- Micronutrients -these include nutrients such as: boron, chloride, copper, iron manganese, zinc, etc. All of which are crucial for a healthy grow.
While it’s possible and advisable to create your own nutrient solution, you can’t go wrong with some well-known, store-bought brands.
Just make sure that whatever you purchase provides well-balanced mineral ratios and properly buffered nutrients to promote proper pH stability.
Should I Use A Singular Or Modular System?
A modular system instead of a singular system incorporates the use of multiple containers connected to a central reservoir. This allows the nutrient solution to cycle from the reservoir throughout all the plants and back to the reservoir.
Considering that this is a beginner’s guide, we would recommend starting with a singular system.
This is because they are cheaper, easier to use, and have less room for error.
Once you have become more versed in the art of DWC hydroponics, you can increase the scale of your grow and move on to using a modular system.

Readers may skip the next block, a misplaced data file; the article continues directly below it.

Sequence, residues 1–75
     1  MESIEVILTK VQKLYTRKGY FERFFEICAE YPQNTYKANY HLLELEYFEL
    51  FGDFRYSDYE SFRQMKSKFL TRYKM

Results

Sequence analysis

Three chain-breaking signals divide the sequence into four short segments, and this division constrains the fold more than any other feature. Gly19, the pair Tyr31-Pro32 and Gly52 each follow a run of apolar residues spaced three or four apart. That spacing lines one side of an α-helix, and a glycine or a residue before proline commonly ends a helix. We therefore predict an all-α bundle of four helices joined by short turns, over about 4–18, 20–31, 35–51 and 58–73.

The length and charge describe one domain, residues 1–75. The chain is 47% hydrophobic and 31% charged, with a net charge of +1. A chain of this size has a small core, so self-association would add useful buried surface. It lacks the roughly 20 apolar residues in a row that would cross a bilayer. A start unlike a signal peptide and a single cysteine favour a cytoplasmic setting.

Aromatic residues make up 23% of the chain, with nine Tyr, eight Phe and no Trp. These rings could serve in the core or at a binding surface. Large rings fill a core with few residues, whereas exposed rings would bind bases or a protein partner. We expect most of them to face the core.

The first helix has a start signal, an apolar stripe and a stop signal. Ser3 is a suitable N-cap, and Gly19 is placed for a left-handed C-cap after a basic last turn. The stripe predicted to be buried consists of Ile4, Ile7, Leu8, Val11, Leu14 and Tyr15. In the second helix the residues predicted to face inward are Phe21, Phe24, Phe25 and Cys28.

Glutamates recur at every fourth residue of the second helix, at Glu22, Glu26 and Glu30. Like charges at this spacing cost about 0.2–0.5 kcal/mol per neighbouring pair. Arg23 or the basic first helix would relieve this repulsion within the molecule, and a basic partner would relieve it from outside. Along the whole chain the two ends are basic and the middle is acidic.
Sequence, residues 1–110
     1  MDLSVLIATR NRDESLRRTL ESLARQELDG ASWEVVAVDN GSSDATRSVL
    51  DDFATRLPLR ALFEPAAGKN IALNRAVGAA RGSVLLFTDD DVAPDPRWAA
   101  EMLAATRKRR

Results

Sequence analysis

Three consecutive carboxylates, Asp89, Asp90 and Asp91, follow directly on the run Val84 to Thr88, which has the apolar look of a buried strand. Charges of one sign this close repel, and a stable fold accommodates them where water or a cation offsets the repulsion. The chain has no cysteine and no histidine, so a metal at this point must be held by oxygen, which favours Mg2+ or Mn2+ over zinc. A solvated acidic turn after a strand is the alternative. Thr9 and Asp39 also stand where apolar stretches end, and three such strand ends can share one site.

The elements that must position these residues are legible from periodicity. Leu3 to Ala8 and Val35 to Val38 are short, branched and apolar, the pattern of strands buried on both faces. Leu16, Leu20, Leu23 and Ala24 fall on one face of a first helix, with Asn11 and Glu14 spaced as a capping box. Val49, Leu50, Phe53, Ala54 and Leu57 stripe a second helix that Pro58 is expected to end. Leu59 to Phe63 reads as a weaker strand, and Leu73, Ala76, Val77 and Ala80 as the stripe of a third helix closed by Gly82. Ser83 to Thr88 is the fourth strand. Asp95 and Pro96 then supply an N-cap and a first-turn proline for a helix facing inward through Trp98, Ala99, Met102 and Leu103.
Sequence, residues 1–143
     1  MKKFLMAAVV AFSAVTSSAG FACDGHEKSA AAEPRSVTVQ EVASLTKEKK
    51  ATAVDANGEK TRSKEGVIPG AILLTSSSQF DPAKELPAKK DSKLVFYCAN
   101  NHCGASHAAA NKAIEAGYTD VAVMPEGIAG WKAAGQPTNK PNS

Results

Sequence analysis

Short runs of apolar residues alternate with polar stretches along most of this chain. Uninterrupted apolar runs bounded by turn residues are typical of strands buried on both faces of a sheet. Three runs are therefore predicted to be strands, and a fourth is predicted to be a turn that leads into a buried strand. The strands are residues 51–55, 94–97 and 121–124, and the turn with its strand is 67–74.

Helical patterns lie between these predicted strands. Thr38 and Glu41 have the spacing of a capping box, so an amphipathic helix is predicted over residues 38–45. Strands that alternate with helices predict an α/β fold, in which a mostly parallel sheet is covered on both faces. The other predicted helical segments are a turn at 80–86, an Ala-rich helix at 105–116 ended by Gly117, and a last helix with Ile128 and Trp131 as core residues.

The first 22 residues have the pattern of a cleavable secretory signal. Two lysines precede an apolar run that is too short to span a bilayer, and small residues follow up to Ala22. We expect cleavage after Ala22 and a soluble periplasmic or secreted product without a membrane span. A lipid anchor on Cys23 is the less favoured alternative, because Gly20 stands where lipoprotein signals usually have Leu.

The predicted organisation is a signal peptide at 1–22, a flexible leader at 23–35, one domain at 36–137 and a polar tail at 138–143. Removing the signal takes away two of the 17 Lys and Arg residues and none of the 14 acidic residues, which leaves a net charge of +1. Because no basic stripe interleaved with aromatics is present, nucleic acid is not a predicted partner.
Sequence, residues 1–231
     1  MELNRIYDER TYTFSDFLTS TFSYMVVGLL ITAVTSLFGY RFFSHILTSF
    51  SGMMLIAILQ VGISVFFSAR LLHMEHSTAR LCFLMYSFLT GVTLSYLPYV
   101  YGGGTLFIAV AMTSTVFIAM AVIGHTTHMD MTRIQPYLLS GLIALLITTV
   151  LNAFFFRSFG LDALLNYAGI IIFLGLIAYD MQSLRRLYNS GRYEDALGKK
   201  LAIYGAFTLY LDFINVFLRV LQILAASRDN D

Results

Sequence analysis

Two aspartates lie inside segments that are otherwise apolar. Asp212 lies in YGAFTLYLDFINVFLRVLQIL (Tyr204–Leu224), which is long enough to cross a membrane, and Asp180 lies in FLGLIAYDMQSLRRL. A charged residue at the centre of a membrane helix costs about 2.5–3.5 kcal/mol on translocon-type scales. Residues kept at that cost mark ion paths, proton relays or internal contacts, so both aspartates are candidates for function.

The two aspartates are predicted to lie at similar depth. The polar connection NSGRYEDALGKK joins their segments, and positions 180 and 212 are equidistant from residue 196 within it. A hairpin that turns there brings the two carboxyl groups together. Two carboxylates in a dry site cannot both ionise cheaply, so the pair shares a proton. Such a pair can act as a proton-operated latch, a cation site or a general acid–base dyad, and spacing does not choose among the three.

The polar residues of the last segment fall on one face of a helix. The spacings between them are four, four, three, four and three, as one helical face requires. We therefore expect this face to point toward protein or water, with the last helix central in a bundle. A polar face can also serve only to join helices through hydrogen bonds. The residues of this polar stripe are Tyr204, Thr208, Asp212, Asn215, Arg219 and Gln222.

What Should The Temperature Of My DWC Reservoir Be?
The issue of temperature as part of a DWC hydroponic system is inevitable, particularly during indoor cultivation. This can be due to heat emitted from the lighting or the air pump.
Allow the temperature to get too high, and you will cause oxygen deprivation, inviting pathogens and root diseases to develop and spread. Conversely, letting it get too low can trick plants into thinking that seasons change, causing them to flower prematurely.
For these reasons, we advise that you keep your water temperature at 68 degrees Fahrenheit (20 degrees Celsius) or lower.
This will make your water temperature lower than your air temperature, which should typically range between 75-80F or 23.9-26.7C.